Daybreak in 10 (07/06/22)
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In 2013, Sarah Staudte is rushed to the emergency room. Doctors race to save her but all their tests come back inconclusive. The family already lost two family members, a father and son, back in 2012. Is this just a case of bad luck or is there something more sinister happening to this Missouri family? Police intend to find out.
A Lincoln Missouri family is living every parent’s worst nightmare. Their child is gone. One-month-old Jesse Peaster was stolen right from his crib at 10 a.m. in 2004. With the help of law enforcement and Jesse’s four-year-old sibling, Jesse is found unharmed in Kansas City. How did he get there? And why does this case not only baffle the parents but law enforcement as well?
A woman is driving home after a long day at work when something catches her eye… A black bag. The woman pulls over to look inside the bag only to find body parts.
When Missouri Highway Patrol Trooper Russell Harper pulled over a pickup truck in February of 1987, the events that would follow changed the lives of his family, his fellow law enforcement and the armed man behind the wheel. That suspect was Glennon Paul Sweet and witnesses say he came out of his truck firing at Harper who died after taking a bullet above his eye. A description of Sweet prompts a massive multi-county manhunt. In this episode, former trooper Sam Kaunley describes the days-long hunt for the killer and the heart-stopping moment he was face-to-face with the man who killed his friend.
In 2007, 9-year-old Rowan Ford was left in the care of her stepfather while her mother went to work. Her stepfather and his friends would then have a night of drinking and smoking weed. The next day Rowan Ford was nowhere to be found. It wouldn’t be until later during the investigation that one of the stepfather’s friends would know something about her whereabouts. In this episode, you’ll hear sound from one of the lead investigators on the case and how it impacts him to this day.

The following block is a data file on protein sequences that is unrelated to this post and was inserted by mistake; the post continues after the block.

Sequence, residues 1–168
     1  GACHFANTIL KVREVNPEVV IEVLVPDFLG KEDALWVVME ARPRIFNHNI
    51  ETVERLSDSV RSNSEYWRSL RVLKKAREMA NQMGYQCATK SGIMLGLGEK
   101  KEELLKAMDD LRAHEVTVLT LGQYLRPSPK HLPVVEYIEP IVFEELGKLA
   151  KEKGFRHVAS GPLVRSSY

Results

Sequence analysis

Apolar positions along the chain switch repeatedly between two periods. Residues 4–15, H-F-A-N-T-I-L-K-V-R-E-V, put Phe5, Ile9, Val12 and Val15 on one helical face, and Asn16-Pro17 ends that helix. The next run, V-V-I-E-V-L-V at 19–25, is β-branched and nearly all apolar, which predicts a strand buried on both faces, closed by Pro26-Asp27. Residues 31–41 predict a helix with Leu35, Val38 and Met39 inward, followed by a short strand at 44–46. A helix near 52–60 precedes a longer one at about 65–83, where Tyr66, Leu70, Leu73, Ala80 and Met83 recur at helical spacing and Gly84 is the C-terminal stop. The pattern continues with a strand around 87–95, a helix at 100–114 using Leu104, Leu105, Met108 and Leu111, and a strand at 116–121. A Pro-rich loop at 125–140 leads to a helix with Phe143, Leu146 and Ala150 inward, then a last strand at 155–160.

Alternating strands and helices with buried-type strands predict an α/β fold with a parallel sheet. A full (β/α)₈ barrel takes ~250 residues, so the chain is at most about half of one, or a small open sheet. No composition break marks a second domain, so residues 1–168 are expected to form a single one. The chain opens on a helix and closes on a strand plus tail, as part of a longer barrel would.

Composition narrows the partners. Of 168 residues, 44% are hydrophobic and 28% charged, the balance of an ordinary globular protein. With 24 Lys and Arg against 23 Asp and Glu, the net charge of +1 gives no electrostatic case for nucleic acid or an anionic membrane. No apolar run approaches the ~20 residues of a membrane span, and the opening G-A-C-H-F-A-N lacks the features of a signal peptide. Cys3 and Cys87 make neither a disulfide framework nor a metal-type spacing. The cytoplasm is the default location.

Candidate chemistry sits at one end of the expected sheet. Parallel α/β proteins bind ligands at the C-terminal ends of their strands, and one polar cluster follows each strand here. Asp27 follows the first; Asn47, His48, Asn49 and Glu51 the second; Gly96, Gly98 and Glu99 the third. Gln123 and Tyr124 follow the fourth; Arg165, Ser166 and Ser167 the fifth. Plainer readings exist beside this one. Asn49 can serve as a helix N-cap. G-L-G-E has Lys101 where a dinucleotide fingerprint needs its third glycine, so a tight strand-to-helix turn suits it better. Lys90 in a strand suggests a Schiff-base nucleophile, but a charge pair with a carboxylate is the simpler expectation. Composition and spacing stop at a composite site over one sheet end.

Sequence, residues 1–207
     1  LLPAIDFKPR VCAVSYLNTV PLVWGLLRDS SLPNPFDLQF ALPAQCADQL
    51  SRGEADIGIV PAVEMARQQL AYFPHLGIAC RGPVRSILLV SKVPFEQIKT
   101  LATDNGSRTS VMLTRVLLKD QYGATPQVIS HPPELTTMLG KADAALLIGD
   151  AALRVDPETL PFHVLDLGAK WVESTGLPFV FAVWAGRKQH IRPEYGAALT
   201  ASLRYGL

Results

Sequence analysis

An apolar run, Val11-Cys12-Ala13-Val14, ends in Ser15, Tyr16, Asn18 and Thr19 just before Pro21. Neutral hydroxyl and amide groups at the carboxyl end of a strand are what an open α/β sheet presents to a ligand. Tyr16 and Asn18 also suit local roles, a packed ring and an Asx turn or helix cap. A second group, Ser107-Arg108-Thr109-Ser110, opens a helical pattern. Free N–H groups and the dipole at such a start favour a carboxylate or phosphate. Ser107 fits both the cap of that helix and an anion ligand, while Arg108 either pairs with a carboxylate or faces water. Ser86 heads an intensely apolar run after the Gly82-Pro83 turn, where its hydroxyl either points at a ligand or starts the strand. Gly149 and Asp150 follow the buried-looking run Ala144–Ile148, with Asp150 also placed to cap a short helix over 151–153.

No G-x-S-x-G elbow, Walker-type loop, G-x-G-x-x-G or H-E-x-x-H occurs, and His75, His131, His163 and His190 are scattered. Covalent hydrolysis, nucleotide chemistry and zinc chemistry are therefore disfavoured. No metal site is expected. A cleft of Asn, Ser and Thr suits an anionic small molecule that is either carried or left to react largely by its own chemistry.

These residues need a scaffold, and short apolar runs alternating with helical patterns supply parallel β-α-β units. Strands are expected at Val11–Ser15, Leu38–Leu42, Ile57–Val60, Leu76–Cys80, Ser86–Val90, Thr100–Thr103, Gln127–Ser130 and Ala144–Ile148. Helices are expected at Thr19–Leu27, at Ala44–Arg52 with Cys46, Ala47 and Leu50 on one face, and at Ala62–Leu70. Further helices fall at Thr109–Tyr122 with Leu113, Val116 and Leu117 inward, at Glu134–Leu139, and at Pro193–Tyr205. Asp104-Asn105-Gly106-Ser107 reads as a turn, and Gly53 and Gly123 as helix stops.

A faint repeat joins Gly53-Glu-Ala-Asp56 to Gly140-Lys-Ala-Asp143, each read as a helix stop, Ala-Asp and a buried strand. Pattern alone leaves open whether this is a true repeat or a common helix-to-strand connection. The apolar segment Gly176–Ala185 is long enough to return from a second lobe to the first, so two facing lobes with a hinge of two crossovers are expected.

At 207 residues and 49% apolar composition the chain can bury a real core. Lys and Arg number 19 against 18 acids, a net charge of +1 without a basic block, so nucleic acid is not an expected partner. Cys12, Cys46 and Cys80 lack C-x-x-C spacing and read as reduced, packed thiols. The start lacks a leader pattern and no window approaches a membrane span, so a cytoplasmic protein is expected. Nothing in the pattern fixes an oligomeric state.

In 2017, a pregnant woman falls dead inside a Springfield apartment. The only suspect in Valerie Williams’ murder is her boyfriend, Derik Osborn. Osborn would claim it was a freak accident, but past reports prove he had a history of abusing Williams. Neighbors heard fighting and loud crash that night, but the ultimate cause of Valerie’s death would be debated by many involved. What exactly happened to Valerie and her baby? Osborn’s double-murder trial in July 2021 will reveal the answer.
When one young man in love was asked to murder for her, he complied. Did he have the mental capability to know what he was doing or was this a ploy orchestrated by a veteran manipulator?
A girl who was convinced by her mother that she was sick tries to find an escape. Unfortunately, no one told her murder was not the way to do it. This is part two of the three-episode feature on Gypsy Blanchard.
A mother who started a lie becomes greedy. A daughter who wanted to be free finds a way. A boy willing to do anything for love loses himself. This is the first of three episodes about the Gypsy Blanchard case. Gypsy’s mother Dee Dee held on to her daughter so hard she ultimately loses her and more in the end. This is the story of Dee Dee Blanchard.
Four teenagers go on a double date, but only one returns alive. With a gunshot wound in her chest, she tells police that another police officer killed her friends.